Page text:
Add like
Add dislike
Add to saved papers

Fluid restriction for term infants with hypoxic-ischaemic encephalopathy following perinatal asphyxia.

BACKGROUND: Current recommendations to control the consequences of hypoxic-ischaemic encephalopathy following perinatal asphyxia include the careful management of fluids, with avoidance of fluid overload and thus avoidance of cerebral oedema. Recommendations for fluid restriction in a neonate are based on the experience of restricting fluid intake in adults or older children. The extrapolation from studies in adults, older children and animals to the human neonate is fraught with hazard due to the different physiology and mechanisms of injury.

OBJECTIVES: The objective of this review was to determine the effects of fluid restriction on short-term (mortality within the first 28 days of life, grade of hypoxic ischaemic encephalopathy, electrolyte disturbances, renal function, seizure activity) and long-term outcomes (death during the first year of life, CT or MRI changes, or severe neurodevelopmental disability at or equal to 12 months of age or more) in term infants following perinatal asphyxia. Subgroup analyses were planned on the basis of the severity of the resulting hypoxic-ischaemic encephalopathy, degree of fluid restriction, and length of fluid restriction.

SEARCH STRATEGY: Searches were undertaken of MEDLINE October 2004 back to 1966, CINAHL back to 1966, the Oxford Database of Perinatal Trials and the Cochrane Central Register of Controlled Trial (CENTRAL, The Cochrane Library, Issue 3, 2004). Searches were made of previous reviews including cross-references and abstracts. The search was not limited to the English language; reports in foreign languages were translated.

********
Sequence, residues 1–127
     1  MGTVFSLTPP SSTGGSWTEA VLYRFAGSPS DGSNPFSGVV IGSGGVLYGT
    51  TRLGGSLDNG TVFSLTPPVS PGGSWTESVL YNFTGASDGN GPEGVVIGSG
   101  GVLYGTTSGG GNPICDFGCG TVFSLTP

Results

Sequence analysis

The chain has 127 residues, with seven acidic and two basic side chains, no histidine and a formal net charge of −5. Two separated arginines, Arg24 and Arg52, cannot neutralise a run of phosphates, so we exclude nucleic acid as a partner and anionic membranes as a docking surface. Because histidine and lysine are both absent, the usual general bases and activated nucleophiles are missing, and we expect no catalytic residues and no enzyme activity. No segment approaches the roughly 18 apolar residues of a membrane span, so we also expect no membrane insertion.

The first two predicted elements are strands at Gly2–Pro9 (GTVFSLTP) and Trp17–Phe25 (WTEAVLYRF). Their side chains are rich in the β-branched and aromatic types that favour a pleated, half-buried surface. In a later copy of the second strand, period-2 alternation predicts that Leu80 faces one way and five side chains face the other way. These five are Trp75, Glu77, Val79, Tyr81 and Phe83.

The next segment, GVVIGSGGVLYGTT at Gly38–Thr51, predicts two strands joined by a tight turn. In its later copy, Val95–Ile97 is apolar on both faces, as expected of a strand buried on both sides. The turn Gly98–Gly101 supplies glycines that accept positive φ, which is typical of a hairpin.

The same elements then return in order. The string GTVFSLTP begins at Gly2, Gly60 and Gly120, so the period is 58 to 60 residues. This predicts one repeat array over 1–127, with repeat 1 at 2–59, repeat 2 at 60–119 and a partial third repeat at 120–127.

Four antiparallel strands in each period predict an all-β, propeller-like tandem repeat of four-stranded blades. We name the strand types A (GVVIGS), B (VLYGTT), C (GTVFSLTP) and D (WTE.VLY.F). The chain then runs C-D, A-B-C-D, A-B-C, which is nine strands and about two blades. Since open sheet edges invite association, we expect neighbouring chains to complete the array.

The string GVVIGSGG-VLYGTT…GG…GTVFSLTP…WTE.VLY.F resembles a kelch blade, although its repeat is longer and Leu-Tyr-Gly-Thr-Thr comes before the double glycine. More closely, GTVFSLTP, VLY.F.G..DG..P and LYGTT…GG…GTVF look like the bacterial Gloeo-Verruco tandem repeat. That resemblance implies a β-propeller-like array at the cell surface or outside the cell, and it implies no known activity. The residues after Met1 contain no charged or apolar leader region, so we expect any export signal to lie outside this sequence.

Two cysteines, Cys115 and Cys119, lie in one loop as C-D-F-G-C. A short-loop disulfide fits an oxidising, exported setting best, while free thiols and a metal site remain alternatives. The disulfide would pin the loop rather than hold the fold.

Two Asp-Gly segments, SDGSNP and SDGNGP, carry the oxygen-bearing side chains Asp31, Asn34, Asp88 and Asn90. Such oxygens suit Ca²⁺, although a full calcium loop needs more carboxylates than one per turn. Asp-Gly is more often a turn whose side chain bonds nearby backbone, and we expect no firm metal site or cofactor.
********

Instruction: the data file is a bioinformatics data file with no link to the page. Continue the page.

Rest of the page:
SELECTION CRITERIA: Randomised or quasi-randomised trials of fluid restriction in term newborn infants with perinatal asphyxia.

DATA COLLECTION AND ANALYSIS: No studies were found meeting the criteria for inclusion in this review.

MAIN RESULTS: No studies were found meeting the criteria for inclusion in this review.

AUTHORS' CONCLUSIONS: Given that fluid restriction for the treatment of hypoxic ischaemic encephalopathy following perinatal asphyxia is recommended in standard textbooks, there is a need for randomised, controlled trials to establish if this practice affects mortality and morbidity. As it may not be ethical to include neonates with acute renal failure in a randomised trial, these babies will have to be excluded from the trial. These studies should investigate the effects of fluid management on outcomes such as mortality, seizure activity, evidence of cerebral damage on histology, and effects on renal function and electrolytes.

Full text links

We have located links that may give you full text access.
Can't access the paper?
Try logging in through your university/institutional subscription. For a smoother one-click institutional access experience, please use our mobile app.

For the best experience, use the Read mobile app

Group 7SearchHeart failure treatmentPapersTopicsCollectionsEffects of Sodium-Glucose Cotransporter 2 Inhibitors for the Treatment of Patients With Heart Failure Importance: Only 1 class of glucose-lowering agents-sodium-glucose cotransporter 2 (SGLT2) inhibitors-has been reported to decrease the risk of cardiovascular events primarily by reducingSeptember 1, 2017: JAMA CardiologyAssociations of albuminuria in patients with chronic heart failure: findings in the ALiskiren Observation of heart Failure Treatment study.CONCLUSIONS: Increased UACR is common in patients with heart failure, including non-diabetics. Urinary albumin creatininineJul, 2011: European Journal of Heart FailureRandomized Controlled TrialEffects of Liraglutide on Clinical Stability Among Patients With Advanced Heart Failure and Reduced Ejection Fraction: A Randomized Clinical Trial.Review

Get seemless 1-tap access through your institution/university

For the best experience, use the Read mobile app

Read by QxMD is copyright © 2021 QxMD Software Inc. All rights reserved. By using this service, you agree to our terms of use and privacy policy.

You can now claim free CME credits for this literature searchClaim now

Get seemless 1-tap access through your institution/university

For the best experience, use the Read mobile app